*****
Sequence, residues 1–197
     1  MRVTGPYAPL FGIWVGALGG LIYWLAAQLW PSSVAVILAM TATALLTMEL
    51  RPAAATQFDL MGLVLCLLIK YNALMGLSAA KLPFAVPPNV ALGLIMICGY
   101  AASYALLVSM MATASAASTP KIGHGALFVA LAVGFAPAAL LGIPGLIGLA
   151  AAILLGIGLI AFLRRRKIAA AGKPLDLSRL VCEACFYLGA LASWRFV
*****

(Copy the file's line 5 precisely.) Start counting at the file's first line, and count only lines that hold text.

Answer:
   151  AAILLGIGLI AFLRRRKIAA AGKPLDLSRL VCEACFYLGA LASWRFV